Travel to Great Mirror: Photo 5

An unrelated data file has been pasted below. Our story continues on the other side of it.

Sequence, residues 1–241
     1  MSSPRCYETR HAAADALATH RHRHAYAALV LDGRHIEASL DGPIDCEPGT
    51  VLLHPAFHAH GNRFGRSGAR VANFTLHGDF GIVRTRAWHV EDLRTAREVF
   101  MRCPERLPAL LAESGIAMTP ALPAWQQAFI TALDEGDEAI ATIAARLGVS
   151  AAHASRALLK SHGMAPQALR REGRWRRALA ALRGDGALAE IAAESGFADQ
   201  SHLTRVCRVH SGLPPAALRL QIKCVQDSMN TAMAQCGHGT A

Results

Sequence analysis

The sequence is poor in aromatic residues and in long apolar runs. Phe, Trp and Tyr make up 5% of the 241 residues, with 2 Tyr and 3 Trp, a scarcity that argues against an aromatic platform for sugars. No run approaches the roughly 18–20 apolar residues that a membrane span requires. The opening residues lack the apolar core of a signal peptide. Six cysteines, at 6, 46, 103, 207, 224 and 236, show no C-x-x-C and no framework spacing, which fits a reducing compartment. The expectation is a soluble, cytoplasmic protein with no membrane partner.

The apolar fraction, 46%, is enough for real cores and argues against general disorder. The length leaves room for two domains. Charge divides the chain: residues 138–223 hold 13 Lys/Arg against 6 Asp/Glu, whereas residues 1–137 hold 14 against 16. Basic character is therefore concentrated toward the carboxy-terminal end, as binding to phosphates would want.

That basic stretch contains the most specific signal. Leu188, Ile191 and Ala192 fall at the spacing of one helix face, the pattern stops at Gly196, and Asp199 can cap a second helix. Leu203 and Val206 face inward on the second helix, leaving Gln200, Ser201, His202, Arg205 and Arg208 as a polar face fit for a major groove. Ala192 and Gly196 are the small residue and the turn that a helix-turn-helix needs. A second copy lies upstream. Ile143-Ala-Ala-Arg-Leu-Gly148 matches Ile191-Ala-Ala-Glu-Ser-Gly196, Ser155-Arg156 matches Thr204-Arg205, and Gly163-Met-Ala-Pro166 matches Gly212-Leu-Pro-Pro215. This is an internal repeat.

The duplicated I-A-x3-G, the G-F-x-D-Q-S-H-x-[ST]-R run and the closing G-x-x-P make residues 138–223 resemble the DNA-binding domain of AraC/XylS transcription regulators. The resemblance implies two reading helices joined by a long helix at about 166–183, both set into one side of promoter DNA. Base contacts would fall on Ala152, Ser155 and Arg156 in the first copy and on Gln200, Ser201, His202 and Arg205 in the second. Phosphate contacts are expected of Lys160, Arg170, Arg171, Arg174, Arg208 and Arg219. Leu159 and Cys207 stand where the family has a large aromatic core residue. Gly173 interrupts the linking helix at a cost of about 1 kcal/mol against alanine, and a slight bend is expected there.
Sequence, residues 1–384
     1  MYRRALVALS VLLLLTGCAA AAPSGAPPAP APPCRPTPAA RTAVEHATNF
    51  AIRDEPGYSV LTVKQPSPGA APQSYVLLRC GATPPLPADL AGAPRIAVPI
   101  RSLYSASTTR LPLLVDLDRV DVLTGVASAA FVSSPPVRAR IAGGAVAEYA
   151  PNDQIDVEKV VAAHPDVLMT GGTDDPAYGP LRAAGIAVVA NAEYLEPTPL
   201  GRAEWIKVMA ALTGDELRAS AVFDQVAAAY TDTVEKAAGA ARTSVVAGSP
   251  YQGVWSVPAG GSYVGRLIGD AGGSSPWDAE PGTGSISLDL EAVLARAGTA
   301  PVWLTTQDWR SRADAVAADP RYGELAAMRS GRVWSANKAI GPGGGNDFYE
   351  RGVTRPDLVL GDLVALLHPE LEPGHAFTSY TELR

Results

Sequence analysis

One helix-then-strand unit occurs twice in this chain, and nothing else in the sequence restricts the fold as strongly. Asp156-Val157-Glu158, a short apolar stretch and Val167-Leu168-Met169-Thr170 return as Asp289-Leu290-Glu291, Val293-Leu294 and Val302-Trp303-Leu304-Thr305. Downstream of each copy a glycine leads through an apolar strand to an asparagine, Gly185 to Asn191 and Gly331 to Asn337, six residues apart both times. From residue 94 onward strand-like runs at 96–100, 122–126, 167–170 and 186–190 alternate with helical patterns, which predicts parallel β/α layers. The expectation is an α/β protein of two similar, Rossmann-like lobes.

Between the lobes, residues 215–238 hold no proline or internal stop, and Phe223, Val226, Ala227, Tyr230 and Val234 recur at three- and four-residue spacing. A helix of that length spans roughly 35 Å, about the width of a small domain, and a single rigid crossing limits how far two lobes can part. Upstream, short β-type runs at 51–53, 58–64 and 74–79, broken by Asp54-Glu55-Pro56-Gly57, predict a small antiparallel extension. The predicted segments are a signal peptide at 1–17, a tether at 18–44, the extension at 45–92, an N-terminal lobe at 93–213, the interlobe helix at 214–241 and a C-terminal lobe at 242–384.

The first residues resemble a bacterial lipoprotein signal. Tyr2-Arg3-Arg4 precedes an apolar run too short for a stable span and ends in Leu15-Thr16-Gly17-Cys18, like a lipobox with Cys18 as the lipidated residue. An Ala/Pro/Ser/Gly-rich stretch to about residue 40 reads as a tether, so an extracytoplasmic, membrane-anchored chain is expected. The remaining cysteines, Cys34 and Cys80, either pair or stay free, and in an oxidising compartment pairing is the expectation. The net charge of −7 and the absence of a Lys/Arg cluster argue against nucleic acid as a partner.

The best description of the gate is an old one from what is still the city's best guide, Bijapur, the Capital of the Adil Shahi Kings. A Guide to its Ruins, by Henry Cousens, published privately in 1905. Cousens, who was superintendent of the Archaeological Survey of Western India, wrote (p. 33): "The most ornate feature about the gate are these windows. They are bay or oriel windows, the projecting landing, or sill, being supported, beneath, by bracketing ornamented with rows of hanging buds or drops, the brackets, or consoles, being themselves connected into a whole by decorated transverse tie-pieces in ascending tiers. The balcony parapet, with its rosette panels and neat capping, is carried across the face of the building.... From this rise three lancel-shaped lights in the front, and one each in the ends; and, from the mullions between these, project a row of most richly wrought stone brackets supporting the deep overhanging cornice. They are exceedingly thin, long, rectangular, slabs, perforated and worked over with the most beautiful arabesque. They are such as one would expect to find in woodwork, and look far too delicate to be wrought in brittle stone; but they have lasted, without breaking, for nearly three hundred years, during the most part of which time the building has not been cared for.... Along the crest of the building, between the minarets, was a most beautifully perforated parapet, but this, too, had suffered very much. Its slabs were easily removed, and were probably carried off, in days gone by, when the relics of Bijapur were a prey to the occasional visitor, and a quarry to the local builders, whose very familiarity with these unused buildings blunted their respect for them, at a time when this old deserted city was lying almost in oblivion, uncared for and desolate. This parapet has lately been removed." Since Cousens, it's been replaced, clumsily.
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